The automotive industry faces a process of transformation with far-reaching changes. Electric drives, connected vehicles and autonomous driving are associated with both opportunities and risks for our sales. In particular, more rapidly evolving customer requirements, swift implementation of legislative initiatives and the market entry of new competitors from outside the industry will require changed products, a faster pace of innovation and adjustments to business models. There is uncertainty regarding the widespread use of electric vehicles and the availability of the necessary charging infrastructure.

Furthermore, we cannot entirely rule out the possibility of freight deliveries worldwide being shifted from trucks to other means of transport, and demand for the Group’s commercial vehicles falling as a result.

Below, we outline the regions and markets with the greatest growth potential for the Volkswagen Group.


In China, the largest market in the Asia-Pacific region, there was a noticeable year-on-year decline in the passenger car market in the reporting year. Demand for vehicles is expected to increase in the coming years due to the need for individual mobility. However, the current trade dispute with the USA will slow the pace of this growth. It is also expected that demand will shift from the coastal metropolises to the interior. In order to leverage the considerable opportunities offered by this market – also with regard to e-mobility – and to defend our strong market position in China over the long term, we are continuously expanding our product range to include models that have been specially developed for this market. We are further extending our production capacity in this growing market through additional production facilities.


Despite political stability, India’s economic momentum slowed in 2019. The passenger car market was unable to continue its growth path and declined considerably. We expect the market to fall slightly short of the prior-year level in 2020 but to return to growth in subsequent years. Against this backdrop, the Group is currently consolidating its activities, as India remains an important strategic future market for the Group.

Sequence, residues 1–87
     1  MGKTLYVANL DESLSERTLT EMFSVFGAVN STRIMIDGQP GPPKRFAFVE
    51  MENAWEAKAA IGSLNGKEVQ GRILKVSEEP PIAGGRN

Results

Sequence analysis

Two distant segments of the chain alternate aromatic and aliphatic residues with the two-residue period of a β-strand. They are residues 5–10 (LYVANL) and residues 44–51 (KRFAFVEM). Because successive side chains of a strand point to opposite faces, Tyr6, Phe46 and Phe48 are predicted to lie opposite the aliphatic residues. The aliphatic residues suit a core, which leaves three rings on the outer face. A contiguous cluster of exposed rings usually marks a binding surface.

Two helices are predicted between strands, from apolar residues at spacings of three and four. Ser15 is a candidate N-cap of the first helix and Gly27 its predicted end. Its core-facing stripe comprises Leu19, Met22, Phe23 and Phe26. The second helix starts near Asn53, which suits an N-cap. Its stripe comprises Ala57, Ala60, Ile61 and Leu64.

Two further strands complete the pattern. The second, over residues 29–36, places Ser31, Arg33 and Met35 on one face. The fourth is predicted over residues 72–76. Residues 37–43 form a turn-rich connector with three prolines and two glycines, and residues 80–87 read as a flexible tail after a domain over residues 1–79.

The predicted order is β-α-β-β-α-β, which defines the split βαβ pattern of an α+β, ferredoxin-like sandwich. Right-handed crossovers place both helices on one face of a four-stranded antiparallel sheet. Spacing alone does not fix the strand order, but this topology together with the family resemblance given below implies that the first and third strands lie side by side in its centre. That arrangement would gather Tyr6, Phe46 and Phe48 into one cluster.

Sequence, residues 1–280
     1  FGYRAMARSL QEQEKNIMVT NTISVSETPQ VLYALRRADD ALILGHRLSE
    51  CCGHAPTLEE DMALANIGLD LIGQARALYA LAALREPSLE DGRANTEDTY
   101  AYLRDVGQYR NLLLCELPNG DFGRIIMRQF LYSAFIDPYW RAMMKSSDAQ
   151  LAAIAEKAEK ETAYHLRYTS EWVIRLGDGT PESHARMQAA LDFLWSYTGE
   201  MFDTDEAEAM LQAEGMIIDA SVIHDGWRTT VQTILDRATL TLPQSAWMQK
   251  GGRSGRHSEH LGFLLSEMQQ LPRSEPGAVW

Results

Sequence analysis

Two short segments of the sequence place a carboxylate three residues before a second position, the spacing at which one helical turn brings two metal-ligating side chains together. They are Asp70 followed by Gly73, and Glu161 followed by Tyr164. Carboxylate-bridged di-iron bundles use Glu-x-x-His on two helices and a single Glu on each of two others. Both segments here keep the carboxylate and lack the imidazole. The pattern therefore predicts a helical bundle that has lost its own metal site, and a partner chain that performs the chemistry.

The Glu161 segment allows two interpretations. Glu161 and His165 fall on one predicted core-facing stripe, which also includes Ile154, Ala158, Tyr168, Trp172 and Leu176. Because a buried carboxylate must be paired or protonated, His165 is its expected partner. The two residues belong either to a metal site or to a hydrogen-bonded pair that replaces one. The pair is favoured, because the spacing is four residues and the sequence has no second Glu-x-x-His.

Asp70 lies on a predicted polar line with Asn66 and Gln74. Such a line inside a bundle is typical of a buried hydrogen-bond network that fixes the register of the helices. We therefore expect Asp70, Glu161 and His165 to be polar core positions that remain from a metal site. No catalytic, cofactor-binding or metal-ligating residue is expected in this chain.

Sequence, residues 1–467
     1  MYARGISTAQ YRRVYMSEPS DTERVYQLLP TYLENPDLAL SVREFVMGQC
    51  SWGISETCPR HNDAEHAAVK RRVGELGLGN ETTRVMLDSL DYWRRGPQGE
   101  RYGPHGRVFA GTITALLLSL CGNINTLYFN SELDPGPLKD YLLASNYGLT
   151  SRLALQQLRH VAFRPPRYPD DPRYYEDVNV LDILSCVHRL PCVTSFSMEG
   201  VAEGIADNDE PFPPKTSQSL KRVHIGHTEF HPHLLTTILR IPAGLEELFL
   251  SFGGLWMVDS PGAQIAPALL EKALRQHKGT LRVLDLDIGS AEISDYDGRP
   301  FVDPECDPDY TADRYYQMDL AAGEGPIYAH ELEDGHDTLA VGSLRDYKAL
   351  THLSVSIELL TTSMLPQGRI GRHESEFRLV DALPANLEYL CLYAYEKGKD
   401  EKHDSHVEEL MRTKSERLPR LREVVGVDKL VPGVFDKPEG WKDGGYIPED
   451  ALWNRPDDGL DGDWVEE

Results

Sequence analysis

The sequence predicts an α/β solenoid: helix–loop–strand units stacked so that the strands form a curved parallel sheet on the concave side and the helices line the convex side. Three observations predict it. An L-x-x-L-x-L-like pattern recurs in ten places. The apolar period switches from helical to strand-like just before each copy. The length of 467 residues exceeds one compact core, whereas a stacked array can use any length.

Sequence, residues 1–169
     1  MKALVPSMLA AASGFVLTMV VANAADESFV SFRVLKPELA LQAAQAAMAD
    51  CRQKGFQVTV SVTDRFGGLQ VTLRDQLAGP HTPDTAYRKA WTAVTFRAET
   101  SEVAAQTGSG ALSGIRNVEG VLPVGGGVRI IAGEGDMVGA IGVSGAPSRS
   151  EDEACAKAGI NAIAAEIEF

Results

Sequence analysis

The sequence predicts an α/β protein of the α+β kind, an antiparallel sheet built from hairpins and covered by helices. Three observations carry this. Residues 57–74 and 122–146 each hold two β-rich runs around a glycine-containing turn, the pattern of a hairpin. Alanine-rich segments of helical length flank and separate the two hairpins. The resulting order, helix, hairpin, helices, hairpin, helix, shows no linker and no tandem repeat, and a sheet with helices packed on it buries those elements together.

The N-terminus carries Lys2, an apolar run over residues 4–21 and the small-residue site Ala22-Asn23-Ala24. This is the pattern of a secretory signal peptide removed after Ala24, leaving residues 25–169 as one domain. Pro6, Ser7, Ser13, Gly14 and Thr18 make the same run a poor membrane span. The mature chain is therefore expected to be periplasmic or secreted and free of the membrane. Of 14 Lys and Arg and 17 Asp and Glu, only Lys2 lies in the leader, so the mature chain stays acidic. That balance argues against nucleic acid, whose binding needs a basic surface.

The volume of the US vehicle market in 2019 was slightly down on the previous year. In 2020, the market volume is again expected to be slightly down on the reporting period. In the USA, Volkswagen Group of America is consistently pursuing the strategy of becoming a full-fledged volume supplier. The expansion of local production capacity – including a production facility for electric vehicles in the future – will allow the Group to better serve the market in the North America region. We are also working intensively on offering additional products specifically tailored to the US market.


The economic environment eased somewhat in the reporting year, while Brazil’s political path has been uncertain since the presidential elections. The volume of demand in the vehicle market continued to recover markedly compared with the weak prior years. We anticipate a continued upturn in demand in 2020. The growing number of automobile manufacturers with local production has resulted in a sharp increase in price pressure and competition. The Brazilian market plays a key role for the Volkswagen Group. To strengthen our competitive position here, we offer vehicles that have been specially developed for this market and are locally produced, such as the Gol and the Virtus.


The volume of the Russian vehicle market in 2019 was slightly down on the previous year and we are forecasting that the passenger car market will slightly exceed the reporting year in 2020. However, the heavy reliance on oil and gas income, rising taxes, currency volatility resulting at present in high vehicle prices, the political crisis and the related sanctions imposed by the EU and the USA continue to impact the development of demand negatively. The market remains strategically important to the Volkswagen Group, which is why we have a strong focus on market cultivation there.